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Socialism is a range of economic and social systems characterised by social ownership and workers' self-management of the means of production as well as the political theories and movements associated with them. Social ownership may refer to forms of public, collective or cooperative ownership, or to citizen ownership of equity. There are many varieties of socialism and there is no single definition encapsulating all of them, though social ownership is the common element shared by its various forms.


Socialist economic systems can be divided into non-market and market forms. Non-market socialism involves the substitution of factor markets and money with engineering and technical criteria based on calculation performed in-kind, thereby producing an economic mechanism that functions according to different economic laws from those of capitalism. Non-market socialism aims to circumvent the inefficiencies and crises traditionally associated with capital accumulation and the profit system. By contrast, market socialism retains the use of monetary prices, factor markets and in some cases the profit motive, with respect to the operation of socially owned enterprises and the allocation of capital goods between them. Profits generated by these firms would be controlled directly by the workforce of each firm, or accrue to society at large in the form of a social dividend. The socialist calculation debate discusses the feasibility and methods of resource allocation for a socialist system.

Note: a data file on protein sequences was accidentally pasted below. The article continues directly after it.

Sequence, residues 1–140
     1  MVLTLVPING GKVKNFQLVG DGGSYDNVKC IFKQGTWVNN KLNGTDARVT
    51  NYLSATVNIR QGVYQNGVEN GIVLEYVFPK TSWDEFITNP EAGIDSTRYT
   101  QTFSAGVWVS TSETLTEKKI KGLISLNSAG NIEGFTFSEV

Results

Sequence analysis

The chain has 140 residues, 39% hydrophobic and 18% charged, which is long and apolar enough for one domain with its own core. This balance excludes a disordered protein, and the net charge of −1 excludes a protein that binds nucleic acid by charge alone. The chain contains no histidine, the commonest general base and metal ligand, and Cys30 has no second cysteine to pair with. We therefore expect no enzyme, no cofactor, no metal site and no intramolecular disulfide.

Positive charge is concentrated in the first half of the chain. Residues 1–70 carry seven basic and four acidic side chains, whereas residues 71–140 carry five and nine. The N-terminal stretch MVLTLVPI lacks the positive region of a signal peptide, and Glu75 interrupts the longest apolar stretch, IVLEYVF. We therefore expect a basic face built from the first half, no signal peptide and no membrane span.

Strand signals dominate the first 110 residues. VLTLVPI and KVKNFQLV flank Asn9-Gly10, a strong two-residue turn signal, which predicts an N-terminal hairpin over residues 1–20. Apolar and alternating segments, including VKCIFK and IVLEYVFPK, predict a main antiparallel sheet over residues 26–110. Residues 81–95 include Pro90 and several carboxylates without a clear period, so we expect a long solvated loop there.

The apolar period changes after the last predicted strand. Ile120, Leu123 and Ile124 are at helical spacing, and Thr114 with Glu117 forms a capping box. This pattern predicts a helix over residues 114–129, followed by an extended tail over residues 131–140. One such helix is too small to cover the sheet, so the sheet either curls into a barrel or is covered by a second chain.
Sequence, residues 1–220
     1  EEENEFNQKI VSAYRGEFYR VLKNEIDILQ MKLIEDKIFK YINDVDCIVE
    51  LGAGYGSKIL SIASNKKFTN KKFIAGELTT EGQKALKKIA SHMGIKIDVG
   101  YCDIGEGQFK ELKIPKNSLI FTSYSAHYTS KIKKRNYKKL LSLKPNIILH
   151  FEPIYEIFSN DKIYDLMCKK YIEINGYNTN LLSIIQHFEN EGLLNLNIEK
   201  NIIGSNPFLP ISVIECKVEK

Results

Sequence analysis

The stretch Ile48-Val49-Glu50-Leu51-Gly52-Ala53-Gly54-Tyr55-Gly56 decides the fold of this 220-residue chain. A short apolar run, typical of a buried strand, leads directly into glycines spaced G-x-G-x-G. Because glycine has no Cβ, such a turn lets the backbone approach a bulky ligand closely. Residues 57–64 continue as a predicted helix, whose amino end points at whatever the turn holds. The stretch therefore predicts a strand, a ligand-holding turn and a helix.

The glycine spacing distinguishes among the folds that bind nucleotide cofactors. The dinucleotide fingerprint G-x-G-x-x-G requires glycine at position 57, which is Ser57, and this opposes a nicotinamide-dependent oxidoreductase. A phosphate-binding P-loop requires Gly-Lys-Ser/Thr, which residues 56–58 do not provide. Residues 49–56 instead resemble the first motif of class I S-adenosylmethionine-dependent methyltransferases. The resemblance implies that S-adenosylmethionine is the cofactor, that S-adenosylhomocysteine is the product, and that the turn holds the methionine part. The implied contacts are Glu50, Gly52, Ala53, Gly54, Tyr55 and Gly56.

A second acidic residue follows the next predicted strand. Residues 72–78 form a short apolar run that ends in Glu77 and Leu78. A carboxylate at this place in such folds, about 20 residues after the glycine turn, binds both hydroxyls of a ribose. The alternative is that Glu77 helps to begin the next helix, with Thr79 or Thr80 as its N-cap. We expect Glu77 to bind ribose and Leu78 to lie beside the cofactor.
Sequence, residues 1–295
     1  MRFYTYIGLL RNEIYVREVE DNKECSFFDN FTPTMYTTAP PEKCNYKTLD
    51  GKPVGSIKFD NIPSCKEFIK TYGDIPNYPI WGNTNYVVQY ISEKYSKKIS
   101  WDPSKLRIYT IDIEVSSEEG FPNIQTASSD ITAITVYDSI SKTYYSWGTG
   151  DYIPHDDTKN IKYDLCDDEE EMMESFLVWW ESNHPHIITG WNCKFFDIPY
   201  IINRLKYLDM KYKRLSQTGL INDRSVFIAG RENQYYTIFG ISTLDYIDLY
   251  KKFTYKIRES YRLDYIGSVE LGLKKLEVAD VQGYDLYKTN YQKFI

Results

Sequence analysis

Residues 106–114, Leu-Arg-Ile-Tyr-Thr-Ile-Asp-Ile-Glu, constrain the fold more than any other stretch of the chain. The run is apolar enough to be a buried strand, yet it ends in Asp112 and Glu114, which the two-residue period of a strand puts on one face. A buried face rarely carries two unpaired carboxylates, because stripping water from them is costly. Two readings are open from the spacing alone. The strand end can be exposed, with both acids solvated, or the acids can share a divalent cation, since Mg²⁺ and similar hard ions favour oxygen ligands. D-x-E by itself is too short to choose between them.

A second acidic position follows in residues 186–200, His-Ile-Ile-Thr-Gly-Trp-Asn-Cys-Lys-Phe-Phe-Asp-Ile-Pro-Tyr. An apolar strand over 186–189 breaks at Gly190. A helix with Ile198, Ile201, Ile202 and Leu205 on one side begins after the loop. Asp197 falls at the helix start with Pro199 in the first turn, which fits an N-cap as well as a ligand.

The socialist political movement includes a set of political philosophies that originated in the revolutionary movements of the mid-to-late 18th century and out of concern for the social problems that were associated with capitalism. In addition to the debate over markets and planning, the varieties of socialism differ in their form of social ownership, how management is to be organised within productive institutions and the role of the state in constructing socialism. Core dichotomies include reformism versus revolutionary socialism and state socialism versus libertarian socialism. Socialist politics has been both centralist and decentralised; internationalist and nationalist in orientation; organised through political parties and opposed to party politics; at times overlapping with trade unions and at other times independent ofand critical ofunions; and present in both industrialised and developing countries. While all tendencies of socialism consider themselves democratic, the term "democratic socialism" is often used to highlight its advocates' high value for democratic processes in the economy and democratic political systems, usually to draw contrast to tendencies they may be perceived to be undemocratic in their approach. Democratic socialism is frequently used to draw contrast to the political system of the Soviet Union, which critics argue operated in an authoritarian fashion.